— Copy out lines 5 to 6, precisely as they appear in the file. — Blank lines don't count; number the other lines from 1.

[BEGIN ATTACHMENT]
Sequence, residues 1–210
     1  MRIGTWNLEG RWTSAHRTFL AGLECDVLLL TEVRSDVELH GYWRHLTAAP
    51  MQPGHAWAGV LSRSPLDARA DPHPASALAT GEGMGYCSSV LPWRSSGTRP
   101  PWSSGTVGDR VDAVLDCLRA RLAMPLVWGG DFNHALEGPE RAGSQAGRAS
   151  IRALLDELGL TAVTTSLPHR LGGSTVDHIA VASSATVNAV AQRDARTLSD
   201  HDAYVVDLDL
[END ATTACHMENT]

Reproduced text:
   151  IRALLDELGL TAVTTSLPHR LGGSTVDHIA VASSATVNAV AQRDARTLSD
   201  HDAYVVDLDL